CleanAir for London
The UK government is failing by a wide margin to meet its legal obligations to combat air pollution in London. ClientEarth intends to compel the authorities to tackle the issue fully. We launched our CleanAir for London campaign on 27 July 2009 - three years to the day before the London 2012 Olympics.
London has the worst air quality in the UK and some of the worst in Europe. Recent figures published by the Mayor have suggested that air pollution directly contributes to around 4,300 deaths each year in London alone. To put this toll in context, workplace-related passive smoking contributed to 617 deaths per year across the UK prior to the smoking ban: the number of deaths in London is seven times that figure.
European law has set limits for levels of dangerous airborne particles (known as PM10) in the air. These limits are based on World Health Organisation assessments of the health risks associated with air pollution. Greater London has failed to meet these limits in every year since they became legally binding in 2005. The Government has applied for a time extension for complying with these limits. By obtaining an extension, the Government aims to avoid fines and win more time to address a pressing problem that should have been prioritised years ago. To demonstrate its resolve to protect public health, the European Commission issued a final written warning to the UK over these legal breaches on 3 June 2010.
ClientEarth does not believe that the UK government is legally eligible for a time extension for PM10. The UK does not meet the preconditions required by European legislation for the time extension and current plans to eliminate breaches of PM10 in London by June 2011 are not credible. ClientEarth is taking legal action to compel the government to comply with its air quality obligations. We have made several submissions to the European Commission urging it to reject the government’s request for a time extension for PM10 in London. Without a delayed deadline it will have to take decisive action now, rather than put off its obligations while more Londoners suffer the health effects of poor air quality.
European law also sets limits for levels of nitrogen dioxide, a toxic gas. These limits became binding on 1 January 2010 and within weeks had been breached in several locations in London. Levels of NO2 on many of London’s roads regularly double these limits. Neither the Mayor or the government has a plan for bringing NO2 pollution under control. We have been lobbying central government and the Mayor to come up with a plan.
The Mayor of London’s air quality strategy is currently out for public consultation. The strategy does not go far enough to ensure air quality laws will be complied with in the future. Instead of moving forward with bold policies to tackle London’s air pollution problem, the Strategy actually removes two key measures with proven air quality benefits – the western extension to the congestion charging zone and phase 3 of the low emission zone. We are responding to this consultation to put pressure on the Mayor to come up with an adequate strategy which commits him to taking urgent and effective action.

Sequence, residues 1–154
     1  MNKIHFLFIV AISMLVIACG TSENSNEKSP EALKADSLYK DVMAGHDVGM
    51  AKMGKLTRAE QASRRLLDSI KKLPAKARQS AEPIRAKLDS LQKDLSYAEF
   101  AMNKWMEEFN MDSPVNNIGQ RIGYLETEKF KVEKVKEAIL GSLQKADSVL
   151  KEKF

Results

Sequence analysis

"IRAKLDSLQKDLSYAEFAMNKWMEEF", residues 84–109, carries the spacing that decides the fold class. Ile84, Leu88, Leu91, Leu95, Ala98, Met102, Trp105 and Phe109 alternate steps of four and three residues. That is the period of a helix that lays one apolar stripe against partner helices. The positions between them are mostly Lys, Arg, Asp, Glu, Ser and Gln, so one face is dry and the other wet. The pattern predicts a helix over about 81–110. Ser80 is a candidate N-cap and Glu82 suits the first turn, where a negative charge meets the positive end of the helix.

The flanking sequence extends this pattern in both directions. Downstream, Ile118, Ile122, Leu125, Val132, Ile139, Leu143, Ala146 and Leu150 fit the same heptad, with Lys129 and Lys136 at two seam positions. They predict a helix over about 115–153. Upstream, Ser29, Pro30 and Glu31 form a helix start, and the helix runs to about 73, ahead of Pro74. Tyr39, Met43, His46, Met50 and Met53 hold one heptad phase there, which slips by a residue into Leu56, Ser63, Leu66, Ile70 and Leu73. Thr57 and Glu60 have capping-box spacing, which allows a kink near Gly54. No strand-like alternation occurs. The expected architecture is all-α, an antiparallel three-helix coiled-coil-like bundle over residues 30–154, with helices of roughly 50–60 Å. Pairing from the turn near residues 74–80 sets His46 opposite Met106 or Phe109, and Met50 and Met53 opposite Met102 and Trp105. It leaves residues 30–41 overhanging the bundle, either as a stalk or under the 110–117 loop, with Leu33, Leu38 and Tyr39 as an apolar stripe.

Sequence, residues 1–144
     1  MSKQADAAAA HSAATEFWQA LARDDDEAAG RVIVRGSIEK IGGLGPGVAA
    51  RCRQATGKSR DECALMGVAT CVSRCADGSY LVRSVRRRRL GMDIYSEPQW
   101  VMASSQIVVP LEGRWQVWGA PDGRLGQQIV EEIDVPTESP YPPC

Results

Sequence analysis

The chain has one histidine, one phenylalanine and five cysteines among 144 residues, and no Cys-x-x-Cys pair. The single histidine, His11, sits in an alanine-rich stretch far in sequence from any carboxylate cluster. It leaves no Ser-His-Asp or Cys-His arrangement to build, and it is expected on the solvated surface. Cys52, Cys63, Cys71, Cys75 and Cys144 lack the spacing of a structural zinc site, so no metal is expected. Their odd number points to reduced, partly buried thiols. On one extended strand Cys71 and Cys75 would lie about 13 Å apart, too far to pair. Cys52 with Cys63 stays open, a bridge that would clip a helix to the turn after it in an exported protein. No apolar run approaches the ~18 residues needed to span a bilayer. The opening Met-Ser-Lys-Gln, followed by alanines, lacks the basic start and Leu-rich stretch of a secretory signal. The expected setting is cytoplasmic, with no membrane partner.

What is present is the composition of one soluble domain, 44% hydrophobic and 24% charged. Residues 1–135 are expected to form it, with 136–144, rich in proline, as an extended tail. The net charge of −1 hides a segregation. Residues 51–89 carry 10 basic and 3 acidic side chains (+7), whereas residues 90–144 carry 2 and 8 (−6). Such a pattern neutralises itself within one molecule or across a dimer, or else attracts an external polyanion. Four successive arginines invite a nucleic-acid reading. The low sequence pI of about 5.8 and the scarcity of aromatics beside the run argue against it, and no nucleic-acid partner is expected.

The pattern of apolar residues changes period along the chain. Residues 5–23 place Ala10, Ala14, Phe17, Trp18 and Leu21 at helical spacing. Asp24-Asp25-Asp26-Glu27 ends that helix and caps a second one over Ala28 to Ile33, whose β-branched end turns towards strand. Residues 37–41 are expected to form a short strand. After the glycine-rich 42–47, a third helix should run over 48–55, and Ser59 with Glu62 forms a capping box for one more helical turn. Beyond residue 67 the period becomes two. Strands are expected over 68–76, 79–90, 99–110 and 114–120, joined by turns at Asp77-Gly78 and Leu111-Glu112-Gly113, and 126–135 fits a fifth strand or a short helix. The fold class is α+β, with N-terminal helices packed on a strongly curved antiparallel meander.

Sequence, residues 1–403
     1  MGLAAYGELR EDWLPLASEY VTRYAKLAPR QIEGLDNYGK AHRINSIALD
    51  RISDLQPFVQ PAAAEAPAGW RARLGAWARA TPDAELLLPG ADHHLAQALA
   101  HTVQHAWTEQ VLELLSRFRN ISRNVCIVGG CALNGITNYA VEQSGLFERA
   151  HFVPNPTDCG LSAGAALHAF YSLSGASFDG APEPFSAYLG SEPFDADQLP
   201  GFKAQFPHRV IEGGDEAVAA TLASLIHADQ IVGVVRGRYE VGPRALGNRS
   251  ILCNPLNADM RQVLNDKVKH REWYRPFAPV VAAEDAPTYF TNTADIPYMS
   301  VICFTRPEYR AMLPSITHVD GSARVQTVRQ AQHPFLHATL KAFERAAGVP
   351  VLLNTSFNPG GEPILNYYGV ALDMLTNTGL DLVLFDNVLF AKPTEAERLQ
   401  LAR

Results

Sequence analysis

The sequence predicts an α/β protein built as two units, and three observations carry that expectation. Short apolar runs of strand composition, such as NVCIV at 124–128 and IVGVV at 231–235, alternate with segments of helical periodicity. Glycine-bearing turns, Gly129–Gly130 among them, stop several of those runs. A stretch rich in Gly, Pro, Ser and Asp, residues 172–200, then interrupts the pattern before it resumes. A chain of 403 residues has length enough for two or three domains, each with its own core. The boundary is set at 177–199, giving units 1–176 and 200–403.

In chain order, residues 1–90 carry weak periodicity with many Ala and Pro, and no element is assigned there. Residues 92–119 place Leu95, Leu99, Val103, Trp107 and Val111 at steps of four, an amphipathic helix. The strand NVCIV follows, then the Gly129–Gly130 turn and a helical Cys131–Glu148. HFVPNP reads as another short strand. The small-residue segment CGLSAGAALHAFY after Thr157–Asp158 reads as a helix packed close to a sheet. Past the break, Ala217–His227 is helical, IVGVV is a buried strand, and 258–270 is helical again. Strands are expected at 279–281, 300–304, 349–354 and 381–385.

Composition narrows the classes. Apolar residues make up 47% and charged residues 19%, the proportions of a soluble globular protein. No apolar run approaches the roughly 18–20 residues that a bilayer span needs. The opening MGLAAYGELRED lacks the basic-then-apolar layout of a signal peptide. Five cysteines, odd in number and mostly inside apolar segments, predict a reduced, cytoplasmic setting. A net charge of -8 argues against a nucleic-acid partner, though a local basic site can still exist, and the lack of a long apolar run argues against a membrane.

What must be done?
The government can and should make great efforts to improve London air quality in time for the London 2012 Olympics. Action taken to tackle air pollution will save lives, improve the quality of life of all Londoners and save billions of pounds in healthcare costs.
The London Assembly environment committee’s cross-party report “Every Breath You Take” sets out clear and practical recommendations about the means to achieve these aims before the deadline. The committee’s report states that the UK must:
1) Introduce additional, smaller low emission zones to target pollution hotspots from road transport.
2) Introduce a vehicle retrofit subsidy scheme in London with funding support from central government.
3) Launch a widespread public understanding campaign to ensure air quality issues are more accessible to Londoners.
4) Reduce the emissions of the older public diesel vehicle fleet as a vital priority.
5) Use planning guidance established in existing legislation if there are air quality implications for planning decisions.
ClientEarth endorses the committee’s recommendations and any other measures necessary to achieve full legal compliance with air quality laws in London. If the recommendations are implemented, London could become a model for behavioural change, technological progress and political will benefitting cities around the world.
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ClientEarth CEO James Thornton and lawyer Alan Andrews with London Assembly members and MEPs from the Green, Liberal Democrat and Labour parties, Environmental protection UK and the Campaign for Clean Air in London.